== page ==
Federal Rule of Evidence 701 provides:

If a witness is not testifying as an expert, testimony in the form of an opinion is limited to one that is: (a) rationally based on the witness's perception; (b) helpful to clearly understanding the witness's testimony or to determining a fact in issue; and (c) not based on scientific, technical, or other specialized knowledge within the scope of Rule 702.[8]

There is no indication that Christensen, if called, intends to testify as an expert. And the government concedes in its response, "The United States agrees that hearsay evidence is not admissible through overview or summary witnesses." Doc. 148 at 1. However, the government does oppose a general prohibition against overview or summary testimony, which is permissible in many forms and for various purposes. Id. at 2, n. 2-3 (collecting cases). The government concludes, "the United States does not intend to introduce inadmissible hearsay through its Agent Christensen, but reserves the right to elicit relevant testimony as permitted by the Rules of Evidence." Id. at 3.

Although the Court appreciates that some overview evidence may be admissible and some inadmissible, the government appears to acknowledge these boundaries and represents its intention to steer clear of them at trial. Simon's exclusion request lacks the specificity necessary for this Court to make a reasoned and informed analysis of any particular, anticipated testimony such that the Court can determine whether it should be admitted or excluded. Accordingly, this motion is denied without prejudice to Simon's ability to timely object to any specific attempts by the government to elicit such "overview" testimony at trial when the Court can fairly consider this argument in the context of specific questioning.

B. The Government's First Motion in Limine to Preclude Questioning Regarding Specifics of Recording Device [Doc. 134]

The CHS used a recording device to capture a conversation between himself, Diaz, and Simon during a car ride on April 7, 2013. Doc. 134 at 1. The government asks the Court to limit the defense's inquiry into the specifics of this recording device, arguing a lawenforcement-privilege protection: if this recording method becomes public knowledge, future suspects will be able to "search for, detect, and defeat law enforcement surveillance equipment, " and while such inquiries typically require the court to balance protection of law enforcement surveillance techniques against the defendant's need for the evidence in presenting a defense, the CHS's recording method has no relevance to this defense. Id. at 1-3.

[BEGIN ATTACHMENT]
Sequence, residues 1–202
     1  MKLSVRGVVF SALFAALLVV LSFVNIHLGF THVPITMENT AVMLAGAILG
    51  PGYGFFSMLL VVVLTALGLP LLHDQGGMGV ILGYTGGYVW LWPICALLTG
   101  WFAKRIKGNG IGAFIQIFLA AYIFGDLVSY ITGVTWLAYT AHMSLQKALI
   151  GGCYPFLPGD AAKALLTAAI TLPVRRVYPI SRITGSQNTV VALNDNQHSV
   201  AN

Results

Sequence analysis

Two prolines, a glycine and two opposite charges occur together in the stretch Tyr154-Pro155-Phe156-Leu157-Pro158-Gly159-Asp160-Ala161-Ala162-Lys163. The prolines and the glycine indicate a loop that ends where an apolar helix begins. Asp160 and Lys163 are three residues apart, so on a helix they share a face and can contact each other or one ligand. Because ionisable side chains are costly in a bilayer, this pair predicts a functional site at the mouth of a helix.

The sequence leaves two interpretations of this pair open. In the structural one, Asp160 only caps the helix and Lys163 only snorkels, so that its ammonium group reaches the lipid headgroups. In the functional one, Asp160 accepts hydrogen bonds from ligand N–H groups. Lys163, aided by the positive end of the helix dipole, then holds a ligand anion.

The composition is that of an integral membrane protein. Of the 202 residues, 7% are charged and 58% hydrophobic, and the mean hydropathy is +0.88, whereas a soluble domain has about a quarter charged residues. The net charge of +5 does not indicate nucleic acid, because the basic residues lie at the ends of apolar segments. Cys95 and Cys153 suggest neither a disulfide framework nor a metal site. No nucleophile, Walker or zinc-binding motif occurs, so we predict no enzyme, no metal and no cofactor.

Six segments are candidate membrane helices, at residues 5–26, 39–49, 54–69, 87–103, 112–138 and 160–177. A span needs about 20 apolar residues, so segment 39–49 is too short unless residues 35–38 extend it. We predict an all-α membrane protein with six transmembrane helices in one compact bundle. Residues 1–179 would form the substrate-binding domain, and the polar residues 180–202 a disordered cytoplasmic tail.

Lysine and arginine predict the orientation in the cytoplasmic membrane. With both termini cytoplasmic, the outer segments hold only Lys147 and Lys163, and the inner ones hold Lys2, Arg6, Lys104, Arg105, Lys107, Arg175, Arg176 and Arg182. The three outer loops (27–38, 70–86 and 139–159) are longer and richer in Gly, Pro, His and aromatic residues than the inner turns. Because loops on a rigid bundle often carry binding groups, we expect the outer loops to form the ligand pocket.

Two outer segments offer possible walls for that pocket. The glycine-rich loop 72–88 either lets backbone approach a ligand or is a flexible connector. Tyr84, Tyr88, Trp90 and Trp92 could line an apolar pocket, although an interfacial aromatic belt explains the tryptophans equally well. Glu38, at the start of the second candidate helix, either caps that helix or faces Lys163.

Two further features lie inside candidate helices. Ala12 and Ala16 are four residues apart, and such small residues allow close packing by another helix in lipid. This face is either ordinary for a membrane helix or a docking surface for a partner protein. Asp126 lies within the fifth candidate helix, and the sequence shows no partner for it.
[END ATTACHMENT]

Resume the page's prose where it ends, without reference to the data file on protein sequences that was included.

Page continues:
In Rovario v. United States , the Supreme Court recognized a limited privilege not to disclose the identity of a confidential government informant.[9] Persuasive authority from other circuits has extended Rovario to recognize "a qualified government privilege not to disclose sensitive investigative techniques, " provided the exclusion of such techniques does not unduly prejudice the defense.[10] This Court need not predict whether the Ninth Circuit would similarly extend Rovario because no defendant has opposed the government's motion. Local Rule 47-9 provides, "The failure of an opposing party to file points and authorities in response to any motion shall constitute a consent to the granting of the motion."[11] By express order, the Court directed that any opposition be filed by Wednesday, April 16, 2014. None of the three defendants filed a response to this motion. The Court construes this silence as defendants' consent to the preclusion of the recording-technique inquiry and, thus, grants the government's motion in this regard.

C. Diaz's Motion in Limine to Preclude Simon's Statements from Being Admitted Against Diaz [Doc. 142]

Diaz argues that there are two categories of hearsay evidence that implicate him: (1) statements made by Simon to the CHS that implicate Diaz in the events of October 15, 2012, November 14, 2012, and March 31, 2013; and (2) an April 7, 2013, recorded conversation between Simon, the CHS, and Diaz regarding past conduct. Doc. 142. Diaz contends that statements in the first category violate his Sixth Amendment confrontation rights under United States v. Bruton [12] because Simon will not be subject to cross examination at trial, and he asserts that the April 7th conversation is inadmissible hearsay not salvaged by any exception. Id. The government opposes the motion by reiterating its prior representation to the court and Diaz that it "will not seek to introduce statements within the first category that violate Bruton, " Doc. 158 at 2, but also confirming that it does intend to offer the April 7th car-ride conversation, which is admissible as either a coconspirator's statement under FRE 801(d)(2)(E) or an adoptive admission under FRE 801(d)(2)(B).